Listed as one of GQ’s ‘50 films that make men cry’, Gallipoli kicks off in 1910s Australia and only varies slightly from the historical script as it follows a group of Western Australian men onto the Turkish battlefields of the First World War. Mel Gibson and Mark Lee play Frank Dunne and Archy Hamilton, losing their boyish enthusiasm for war.
Animal Kingdom (2010)
With the Quentin Tarantino seal of approval, Animal Kingdom’s a new crime classic packed with violence, mafia-style family conflict and double crossings. Jacki Weaver got an Oscar nod for her portrayal of Janine ‘Smurf’ Cody, the matriarch of this criminal brood – loosely based on the real life Pettingill family who ruled underworld Melbourne in the 80s.
Angsty teenage romance comes to the snowy fields of Jindabyne, New South Wales in Somersault. Yes, they have snow in Australia. Moving on, this indie flick – directed by Cate Shortland – bowled critics over with fine, sexually charged performances from Abbie Cornish and Sam Worthington as 16 year old runaway Heidi and farmer boy Joe.
If your father ever tries to take you and sister on a picnic in the outback, say no. For one thing, it’s full of snakes. And for another, he might shoot himself, leaving you to fend for yourself with only the help of a passing Aboriginal boy. That’s the plot for Walkabout, a moving tale with a bleak message about human kindness and cultural mistranslation. And wombats, obviously.
There's some debate about whether this is a full-fledged Australian film (given its British director and cast) but since it launched the career of Indigenous Australian actor David Gulpilil, we'll give it a pass.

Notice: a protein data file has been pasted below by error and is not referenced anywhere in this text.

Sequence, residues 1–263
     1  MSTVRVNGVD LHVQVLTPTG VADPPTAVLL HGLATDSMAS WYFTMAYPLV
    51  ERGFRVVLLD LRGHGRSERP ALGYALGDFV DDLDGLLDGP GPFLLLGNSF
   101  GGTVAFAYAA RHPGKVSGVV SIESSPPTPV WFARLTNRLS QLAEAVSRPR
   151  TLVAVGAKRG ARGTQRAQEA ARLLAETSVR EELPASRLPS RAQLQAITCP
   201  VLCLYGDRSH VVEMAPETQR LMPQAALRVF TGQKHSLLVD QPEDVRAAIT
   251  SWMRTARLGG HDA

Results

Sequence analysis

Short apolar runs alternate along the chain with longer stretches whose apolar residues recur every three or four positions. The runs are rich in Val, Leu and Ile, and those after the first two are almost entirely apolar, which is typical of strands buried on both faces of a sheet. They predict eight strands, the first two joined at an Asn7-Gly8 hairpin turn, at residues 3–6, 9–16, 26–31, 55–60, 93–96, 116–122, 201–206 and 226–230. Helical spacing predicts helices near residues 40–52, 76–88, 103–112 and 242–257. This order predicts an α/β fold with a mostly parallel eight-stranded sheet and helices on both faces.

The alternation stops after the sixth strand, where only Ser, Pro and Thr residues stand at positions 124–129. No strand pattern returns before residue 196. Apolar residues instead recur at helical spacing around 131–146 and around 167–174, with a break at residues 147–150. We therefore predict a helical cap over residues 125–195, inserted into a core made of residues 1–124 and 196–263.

The Proposition (2005)
Infamous Australian musician Nick Cave scripted this Outback-set Western, directed by The Road helmet John Hillcoat. As you might expect from the pairing, it's a particularly bleak affair, dealing with betrayal and impossible bargains as an outlaw (Guy Pearce) is tasked with killing one of his brothers in order to save the life of the other.
Picnic at Hanging Rock (1975)
A haunting tale of a group of school girls who mysteriously disappear during a school picnic on Hanging Rock. Somewhat unusually, the mystery remains unsolved by the end of the flick. We wouldn't be surprised if it was the work of a rogue croc. This is Australia – the country where all the wildlife has murderous intent – after all.
The Dish (2000)
Australia's top-grossing film in 2000, The Dish follows a trio of Aussie scientists and engineers as they struggle against high winds and power cuts to keep a 64-metre antenna dish pointed at the Moon, so that the rest of us can watch Neil Armstrong taking his first steps on our celestial neighbour.